According to Maurice Waller, Zonky was written by Fats in 1929 with a lyric by Andy Razaf, which we don’t hear here. Zonky was a rare piano solo recording by 1935. Fats was mostly making vocal and group records. But, we hear his masterful touch and feel for the piano. Fats was smooth and fast here. Now this…. is the real Stride Piano.

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Annette Hanshaw– Wasting My Love On You

Thanks to tmmvids for the YouTube

Here’s a extra little gem I found by accident.  In looking for a vocal version of Body and Soul, and finding Annette Hanshaw’s version, I also found this  gem by Annette Hanshaw: Wasting My Love On You (1930). What a surprise!

The tune was written music by Harry Warren and lyrics by Edgar Leslie. This recording was released on several of Columbia’s budget labels. All we know about the musicians:   the instrumental backup was a five piece band under the direction of Ben Selvin. Too bad that no other credits are available, there was some nice trumpet work.  But those were tough times and we’re lucky to have the records.

I Love it!  What a great song and the perfect singer to sing it.    And as the lady used to say at the end of her records, “That’s all.”

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Coleman Hawkins Body and Soul

Thanks to masqualero for the You Tube

Body and Soul was a popular song written in 1930 lyric by Edward Heyman, Robert Sour, Frank Evans, and music by Johnny Green. Early performances with the lyrics were recorded by singers Gertrude Lawrence and Libby Holman. It quickly became popular and widely recorded by jazz and popular artists. And then it slumbered until 1939.

This version by Coleman Hawkins, was recorded October 11, 1939 at the Victor Studios in New York. It was released on the Bluebird label and also a special issue on the Record Shop of Harlem label. I have the latter 78 rpm record, which might be the most valuable 78 rpm record in my collection. But, I’m not much into the more arcane aspects of record collecting; I just wanted the record for the performance. Many jazz critics cite this Coleman Hawkins performance as among the most important recording performances in the history of Jazz. Opinions vary. I’ll just say that it’s an incredible performance and I had to have this record.

The personnel at the session were: Coleman Hawkins – Tenor Sax; Tommy Lindsay – Trumpet; Joe Guy – Trumpet; Early Hardy – Trombone; Jackie Fields – Alto Sax; Eustis Moore – Alto Sax; Gene Rogers – Piano; William Smith – Double Bass; and Arthur Herbert – Drums .(Personnel listing thanks to Christopher Jolly, commenter on the original You Tube post).

By the time he recorded Body and Soul, Coleman Hawkins was nearly an old pro with 20 years in recorded jazz music. He was a stand out player in the early to mid 1920’s Fletcher Henderson Bands. In the early 1920’s, he also recorded with the Mound City Blue Blowers, which was mostly made up of  changing groups of white musicians such as Benny Goodman, Frankie Trumbauer, Bix, and the Dorsey Brothers.

 

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Art Tatum Body and Soul — plus Annette Hanshaw’s vocal version.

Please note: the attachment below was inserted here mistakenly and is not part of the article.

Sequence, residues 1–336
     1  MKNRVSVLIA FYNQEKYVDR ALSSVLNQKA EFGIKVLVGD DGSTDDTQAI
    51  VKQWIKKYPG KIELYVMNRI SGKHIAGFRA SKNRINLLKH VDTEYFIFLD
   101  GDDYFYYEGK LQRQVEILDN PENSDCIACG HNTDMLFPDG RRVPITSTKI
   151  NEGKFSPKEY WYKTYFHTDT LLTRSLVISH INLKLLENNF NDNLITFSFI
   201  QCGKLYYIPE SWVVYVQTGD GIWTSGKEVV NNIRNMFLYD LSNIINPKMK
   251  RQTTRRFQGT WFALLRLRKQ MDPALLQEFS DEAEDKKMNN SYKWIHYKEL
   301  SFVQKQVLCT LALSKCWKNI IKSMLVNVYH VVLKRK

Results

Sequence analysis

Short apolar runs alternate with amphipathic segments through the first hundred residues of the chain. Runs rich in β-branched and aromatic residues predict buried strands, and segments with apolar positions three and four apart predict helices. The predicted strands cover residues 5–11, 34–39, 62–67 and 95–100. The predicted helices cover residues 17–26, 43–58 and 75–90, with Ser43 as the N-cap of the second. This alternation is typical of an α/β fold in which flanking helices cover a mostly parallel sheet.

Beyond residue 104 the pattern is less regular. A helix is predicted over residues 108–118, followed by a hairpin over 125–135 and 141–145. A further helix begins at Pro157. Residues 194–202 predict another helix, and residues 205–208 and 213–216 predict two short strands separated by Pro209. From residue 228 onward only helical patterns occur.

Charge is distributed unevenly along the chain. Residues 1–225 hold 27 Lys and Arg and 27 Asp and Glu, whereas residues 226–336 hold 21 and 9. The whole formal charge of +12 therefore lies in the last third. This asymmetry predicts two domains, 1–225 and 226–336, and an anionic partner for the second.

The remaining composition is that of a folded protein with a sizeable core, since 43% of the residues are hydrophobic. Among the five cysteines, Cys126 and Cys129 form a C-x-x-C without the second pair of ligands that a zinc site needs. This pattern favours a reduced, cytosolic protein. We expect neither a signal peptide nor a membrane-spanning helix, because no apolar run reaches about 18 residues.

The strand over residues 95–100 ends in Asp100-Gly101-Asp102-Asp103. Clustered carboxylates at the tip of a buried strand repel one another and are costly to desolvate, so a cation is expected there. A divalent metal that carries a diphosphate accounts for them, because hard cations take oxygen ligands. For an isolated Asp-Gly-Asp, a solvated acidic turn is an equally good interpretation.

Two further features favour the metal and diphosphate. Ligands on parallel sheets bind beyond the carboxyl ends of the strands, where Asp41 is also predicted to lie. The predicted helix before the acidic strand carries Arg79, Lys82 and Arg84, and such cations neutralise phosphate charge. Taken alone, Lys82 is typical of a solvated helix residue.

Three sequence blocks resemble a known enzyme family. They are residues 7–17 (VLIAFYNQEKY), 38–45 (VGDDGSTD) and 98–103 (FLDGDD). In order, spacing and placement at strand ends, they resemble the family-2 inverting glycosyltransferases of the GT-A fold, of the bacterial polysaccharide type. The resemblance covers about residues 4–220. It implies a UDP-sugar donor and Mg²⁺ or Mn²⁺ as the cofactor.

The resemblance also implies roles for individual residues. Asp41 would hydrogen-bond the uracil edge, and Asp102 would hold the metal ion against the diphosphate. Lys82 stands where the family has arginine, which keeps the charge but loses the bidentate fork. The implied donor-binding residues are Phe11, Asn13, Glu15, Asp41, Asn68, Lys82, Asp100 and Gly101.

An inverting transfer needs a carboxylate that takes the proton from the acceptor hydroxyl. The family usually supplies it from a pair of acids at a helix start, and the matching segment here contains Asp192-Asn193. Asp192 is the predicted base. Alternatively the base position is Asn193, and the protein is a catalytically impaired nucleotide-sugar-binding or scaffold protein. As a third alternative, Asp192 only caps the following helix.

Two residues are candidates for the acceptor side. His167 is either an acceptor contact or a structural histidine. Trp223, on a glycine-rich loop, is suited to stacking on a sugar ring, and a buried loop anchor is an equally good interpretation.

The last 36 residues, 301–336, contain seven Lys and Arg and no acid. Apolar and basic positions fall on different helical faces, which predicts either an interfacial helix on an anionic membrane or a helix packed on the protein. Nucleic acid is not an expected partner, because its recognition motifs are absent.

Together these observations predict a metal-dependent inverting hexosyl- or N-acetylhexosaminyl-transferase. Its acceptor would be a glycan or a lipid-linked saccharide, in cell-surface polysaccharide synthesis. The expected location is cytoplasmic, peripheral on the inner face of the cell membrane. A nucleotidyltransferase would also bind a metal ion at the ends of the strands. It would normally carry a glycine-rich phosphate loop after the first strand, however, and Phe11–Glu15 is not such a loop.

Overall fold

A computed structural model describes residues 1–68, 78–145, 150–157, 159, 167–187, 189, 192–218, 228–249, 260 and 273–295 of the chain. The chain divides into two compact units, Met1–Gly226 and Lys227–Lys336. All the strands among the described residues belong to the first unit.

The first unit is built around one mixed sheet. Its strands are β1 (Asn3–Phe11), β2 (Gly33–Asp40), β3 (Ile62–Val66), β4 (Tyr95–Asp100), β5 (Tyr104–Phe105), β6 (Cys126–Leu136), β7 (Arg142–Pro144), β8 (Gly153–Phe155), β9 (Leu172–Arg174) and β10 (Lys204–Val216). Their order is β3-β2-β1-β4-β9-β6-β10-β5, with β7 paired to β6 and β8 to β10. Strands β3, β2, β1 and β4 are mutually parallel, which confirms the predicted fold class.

Thanks to Okmusix for the You Tube and images.

Art Tatum’s version of Body and Soul was released on Disc 1 Cut 7 The Art Tatum Complete Solo Masterpieces on Pablo CD’s. It was recorded December 28, 1953. Every Tatum record is a journey into a tune in which he explores all the harmonics of the song, turns it inside out and back again, does runs and landings with the harmonies. Indeed, Tatum was so far beyond other Jazz pianists in technical ability that some have said Tatum killed the jazz piano. I don’t know about that. But, I acknowledge that sentiment when I’ve said that there will never be another Tatum.

One thing Tatum does is he will fit in a phrase from an old song, like “something old” at a wedding. In Body and Soul, he plays a phrase from the old slave era spiritual “Nobody Knows the Trouble I’ve Seen.” See if you can find it.

Tomorrow I’ll play the Coleman Hawkins version of Body and Soul recorded in 1939. Both Hawkins and Tatum experimented with chord harmonies in ways that transitioned Jazz from the Swing Era to variously what came afterwards.

In case you’re wondering, Fats Waller never recorded Body and Soul. Fats was a busy man. Or, maybe the song didn’t appeal to him. Those are my guesses.

I discovered that Annette Hanshaw recorded a vocal version of Body and Soul in 1930 when it was new and fresh, along with the verse which I’ve never heard before. Annette Hanshaw was an underrated singer, especially by herself.  Here it is:

Thanks to edmundusrex for the You Tube

 

 

 

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Fats on Friday with Ted Lewis — Royal Garden Blues

Thanks to bsgs98 for the You Tube with great photos

This was actually a record from a session on March 5, 1931 where Fats Waller sat in with the Ted Lewis Band. Fats was coming to be known not only as an extraordinary piano player, but also an extraordinary singer, songwriter, and comedian. The tune is the now legendary Royal Garden Blues, written in 1919 by Spencer Williams and Clarence Williams (who were not related.) I’ll quibble here with Wikipedia that the song IS a 1920’s jazz standard, since it was post World War I and it doesn’t sound like Ragtime to me. The best remembered versions of it—by Bix Beiderbecke, King Oliver, and Louis Armstrong—were recorded in the 1920’s.